Friday, November 18, 2011

Finding and Dragging a Doe!

Bob shot this doe in the late evening at Homewood Hunting Club in Claiborne County back in 2005 in Mike's Patch.  It was so dark and we could not find any blood so we had to get up early the next morning and go back to the camp to look for it.  Bob showed me approximately where it went in at the far right and I headed towards the left. I walked in about 100 or so yards and thought I saw something that looked like a deer laying by a log across a ravine.  I was able to walk around to it and when I got closer, it looked real small and started dragging this deer out of the woods...the more I dragged the heavier it got and the bigger it got.  Trying to get around a ravine and back, going around trees, brush, etc.  I yelled to Bob that I had found it and got it almost to the edge of the field where part of a tree had fallen down blocking the way but was able to get over it with his help.  (Bob had a stroke back in 1995 and he tends to drag his right leg and gets tangled up in the brush and may fall)  That is why I had to go in and help him find the deer.  We were so lucky that a coyote had not gotten to it overnight.  We got the 4-wheeler as close as we could to the deer and it took us three tries but we finally got it up on the wheeler.  Got back to the camp, weighed and was almost 120 lbs.  Yikes!  You should have seen us trying to load it into our 2005 Ford Focus car was crazy but lots of fun!

Bob harvested two more deer and got another one that got eaten up by a coyote.  My hunting was not good that season.  Two deer (on separate hunts) showed up as I was peeing and another one I shot at the Ceder Tree Stand.  Got down and found blood and tagged where it went into the woods.  Had to pick up Bob at another stand on the 4-wheeler and was getting late so we decided to wait till the next morning.  On the way back to the camp we picked up my grandson, Carl, to help track and find my deer.  As luck would have it  - we did find it but had been eaten on possibly by the same coyote.  The two stands are close together even though you had to go back towards the camp and then head in another direction to get to Mike's Patch where Bob had hunted.   Most of the time the other hunters would help us since they knew his condition but we also hunted during the weekdays.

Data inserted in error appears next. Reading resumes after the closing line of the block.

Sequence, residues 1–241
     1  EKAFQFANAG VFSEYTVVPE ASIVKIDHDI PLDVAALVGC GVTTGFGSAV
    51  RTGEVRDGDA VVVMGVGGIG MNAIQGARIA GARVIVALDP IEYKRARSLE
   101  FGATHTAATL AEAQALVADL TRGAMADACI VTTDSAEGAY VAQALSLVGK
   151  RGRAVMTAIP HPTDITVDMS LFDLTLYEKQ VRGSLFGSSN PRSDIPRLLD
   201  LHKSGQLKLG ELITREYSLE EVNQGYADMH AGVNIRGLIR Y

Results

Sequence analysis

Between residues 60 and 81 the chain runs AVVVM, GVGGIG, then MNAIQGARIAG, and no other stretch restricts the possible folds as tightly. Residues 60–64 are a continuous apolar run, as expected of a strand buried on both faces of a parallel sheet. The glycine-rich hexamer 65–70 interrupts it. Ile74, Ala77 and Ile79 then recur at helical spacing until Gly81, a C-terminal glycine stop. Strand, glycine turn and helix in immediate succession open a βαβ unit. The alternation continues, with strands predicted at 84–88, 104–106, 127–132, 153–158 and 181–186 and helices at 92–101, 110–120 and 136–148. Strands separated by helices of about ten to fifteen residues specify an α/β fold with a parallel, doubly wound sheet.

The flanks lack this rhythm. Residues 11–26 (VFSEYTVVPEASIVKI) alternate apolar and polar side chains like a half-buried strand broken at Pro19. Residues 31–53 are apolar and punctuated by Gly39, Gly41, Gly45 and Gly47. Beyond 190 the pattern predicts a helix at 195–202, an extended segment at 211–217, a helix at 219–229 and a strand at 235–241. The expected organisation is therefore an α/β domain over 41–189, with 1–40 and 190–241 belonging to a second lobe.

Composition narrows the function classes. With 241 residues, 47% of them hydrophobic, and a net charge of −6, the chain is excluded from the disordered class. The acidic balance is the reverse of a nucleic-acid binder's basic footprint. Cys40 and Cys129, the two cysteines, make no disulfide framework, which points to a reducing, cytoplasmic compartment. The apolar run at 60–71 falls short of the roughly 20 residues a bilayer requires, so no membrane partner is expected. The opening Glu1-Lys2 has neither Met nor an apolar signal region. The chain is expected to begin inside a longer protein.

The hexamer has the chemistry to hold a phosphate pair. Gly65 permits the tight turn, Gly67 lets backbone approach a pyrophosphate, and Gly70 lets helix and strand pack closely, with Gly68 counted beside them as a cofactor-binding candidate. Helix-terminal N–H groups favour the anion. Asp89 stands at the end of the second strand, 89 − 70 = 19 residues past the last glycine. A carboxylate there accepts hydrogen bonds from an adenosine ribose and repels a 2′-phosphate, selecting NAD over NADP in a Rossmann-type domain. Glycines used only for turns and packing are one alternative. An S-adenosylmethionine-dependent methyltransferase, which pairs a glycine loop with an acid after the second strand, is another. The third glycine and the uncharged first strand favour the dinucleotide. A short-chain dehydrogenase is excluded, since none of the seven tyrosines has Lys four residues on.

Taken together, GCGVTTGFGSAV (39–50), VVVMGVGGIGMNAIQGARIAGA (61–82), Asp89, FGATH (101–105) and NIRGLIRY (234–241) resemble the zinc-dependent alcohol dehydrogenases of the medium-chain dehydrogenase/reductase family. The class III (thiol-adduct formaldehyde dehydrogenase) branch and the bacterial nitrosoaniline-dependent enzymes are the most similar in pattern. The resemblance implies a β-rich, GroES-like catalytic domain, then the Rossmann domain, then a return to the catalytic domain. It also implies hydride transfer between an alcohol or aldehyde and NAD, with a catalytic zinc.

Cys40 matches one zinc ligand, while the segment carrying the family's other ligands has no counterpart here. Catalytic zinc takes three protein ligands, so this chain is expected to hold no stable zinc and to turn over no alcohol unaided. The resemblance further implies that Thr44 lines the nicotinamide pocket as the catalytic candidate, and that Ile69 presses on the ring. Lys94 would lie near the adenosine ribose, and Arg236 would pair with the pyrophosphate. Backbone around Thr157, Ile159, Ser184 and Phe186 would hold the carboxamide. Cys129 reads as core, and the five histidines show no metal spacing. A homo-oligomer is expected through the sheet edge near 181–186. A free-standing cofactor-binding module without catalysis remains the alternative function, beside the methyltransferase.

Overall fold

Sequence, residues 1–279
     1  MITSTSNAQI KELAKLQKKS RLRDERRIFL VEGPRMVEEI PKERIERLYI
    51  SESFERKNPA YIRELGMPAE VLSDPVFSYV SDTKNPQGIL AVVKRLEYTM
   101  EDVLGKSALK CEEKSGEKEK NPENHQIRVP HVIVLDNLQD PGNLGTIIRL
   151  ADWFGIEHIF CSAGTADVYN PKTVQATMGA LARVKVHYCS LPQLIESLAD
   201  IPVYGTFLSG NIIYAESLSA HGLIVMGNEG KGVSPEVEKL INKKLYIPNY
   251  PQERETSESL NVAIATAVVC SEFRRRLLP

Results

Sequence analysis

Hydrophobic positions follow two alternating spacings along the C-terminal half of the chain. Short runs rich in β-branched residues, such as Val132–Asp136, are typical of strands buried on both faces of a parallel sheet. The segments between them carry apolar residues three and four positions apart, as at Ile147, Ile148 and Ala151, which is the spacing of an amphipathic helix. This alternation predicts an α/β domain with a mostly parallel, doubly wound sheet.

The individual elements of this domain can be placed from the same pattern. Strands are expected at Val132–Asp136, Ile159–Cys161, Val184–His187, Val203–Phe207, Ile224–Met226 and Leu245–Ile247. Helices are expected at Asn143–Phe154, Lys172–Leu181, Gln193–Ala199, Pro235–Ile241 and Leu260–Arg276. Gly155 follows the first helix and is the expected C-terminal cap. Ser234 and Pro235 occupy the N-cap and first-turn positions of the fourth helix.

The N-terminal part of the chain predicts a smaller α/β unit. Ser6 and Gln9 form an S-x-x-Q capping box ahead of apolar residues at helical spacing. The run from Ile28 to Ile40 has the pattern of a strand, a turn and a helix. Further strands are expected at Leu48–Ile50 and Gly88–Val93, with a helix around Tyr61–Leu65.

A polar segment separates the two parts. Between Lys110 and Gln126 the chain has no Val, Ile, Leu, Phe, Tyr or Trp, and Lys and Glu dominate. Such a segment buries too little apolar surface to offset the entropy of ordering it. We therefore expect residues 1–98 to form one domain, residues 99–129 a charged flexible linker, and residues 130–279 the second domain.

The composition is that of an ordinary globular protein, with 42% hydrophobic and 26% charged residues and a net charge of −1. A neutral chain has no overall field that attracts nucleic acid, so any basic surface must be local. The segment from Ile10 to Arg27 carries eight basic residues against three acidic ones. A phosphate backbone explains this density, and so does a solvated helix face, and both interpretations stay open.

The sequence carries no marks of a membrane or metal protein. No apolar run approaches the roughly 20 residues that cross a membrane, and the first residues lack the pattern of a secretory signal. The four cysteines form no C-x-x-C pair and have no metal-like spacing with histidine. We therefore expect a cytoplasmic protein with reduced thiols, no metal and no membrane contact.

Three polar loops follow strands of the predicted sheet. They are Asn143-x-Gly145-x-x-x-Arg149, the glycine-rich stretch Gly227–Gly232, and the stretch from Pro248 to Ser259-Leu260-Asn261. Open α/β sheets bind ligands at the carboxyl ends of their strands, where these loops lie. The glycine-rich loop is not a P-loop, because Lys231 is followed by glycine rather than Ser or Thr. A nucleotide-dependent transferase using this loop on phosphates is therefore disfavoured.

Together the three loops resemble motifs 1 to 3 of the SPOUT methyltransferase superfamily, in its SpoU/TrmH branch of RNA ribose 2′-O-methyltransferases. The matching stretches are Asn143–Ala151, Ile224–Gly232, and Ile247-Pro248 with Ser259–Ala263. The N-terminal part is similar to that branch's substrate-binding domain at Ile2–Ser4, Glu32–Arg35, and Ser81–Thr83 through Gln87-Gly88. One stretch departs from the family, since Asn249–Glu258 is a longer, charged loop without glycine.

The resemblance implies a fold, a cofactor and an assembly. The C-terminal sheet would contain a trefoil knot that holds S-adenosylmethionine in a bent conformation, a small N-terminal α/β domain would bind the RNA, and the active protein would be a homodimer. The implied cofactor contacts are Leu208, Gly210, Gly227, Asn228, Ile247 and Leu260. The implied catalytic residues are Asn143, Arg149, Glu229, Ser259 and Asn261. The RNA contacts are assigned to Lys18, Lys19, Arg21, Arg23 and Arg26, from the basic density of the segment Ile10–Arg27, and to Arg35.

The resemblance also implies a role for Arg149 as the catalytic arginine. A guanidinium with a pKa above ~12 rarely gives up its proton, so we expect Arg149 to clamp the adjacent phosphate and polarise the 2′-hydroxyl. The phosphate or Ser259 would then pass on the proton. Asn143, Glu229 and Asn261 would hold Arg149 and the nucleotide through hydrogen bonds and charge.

Bob in 2005 with his 120lb. doe.

1 comment:

  1. Dollars desire to be in which the does are, so scrapes and rubs are usually near bedding areas. Bucks don't wish to travel far to evaluate their does. That does not mean they will not however, money may travel as much as 7 miles each day throughout the rut to locate a doe that's in warmth or entering warmth. Frequently the optimum time to locate a lot of buck that's on his ft searching for does is between Halloween and Thanksgiving.

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